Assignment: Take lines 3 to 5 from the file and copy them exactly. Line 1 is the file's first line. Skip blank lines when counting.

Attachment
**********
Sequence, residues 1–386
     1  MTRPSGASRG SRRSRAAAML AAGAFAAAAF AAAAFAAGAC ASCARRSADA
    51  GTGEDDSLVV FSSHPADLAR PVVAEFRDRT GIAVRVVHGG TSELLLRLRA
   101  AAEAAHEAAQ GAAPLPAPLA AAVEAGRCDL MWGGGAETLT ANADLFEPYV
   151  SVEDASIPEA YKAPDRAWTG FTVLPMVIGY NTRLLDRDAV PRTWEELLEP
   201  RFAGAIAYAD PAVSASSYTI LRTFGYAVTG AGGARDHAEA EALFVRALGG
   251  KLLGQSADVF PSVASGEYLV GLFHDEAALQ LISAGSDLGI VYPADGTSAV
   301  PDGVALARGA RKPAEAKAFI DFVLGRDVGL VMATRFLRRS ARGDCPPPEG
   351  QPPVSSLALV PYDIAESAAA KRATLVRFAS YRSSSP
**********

    51  GTGEDDSLVV FSSHPADLAR PVVAEFRDRT GIAVRVVHGG TSELLLRLRA
   101  AAEAAHEAAQ GAAPLPAPLA AAVEAGRCDL MWGGGAETLT ANADLFEPYV
   151  SVEDASIPEA YKAPDRAWTG FTVLPMVIGY NTRLLDRDAV PRTWEELLEP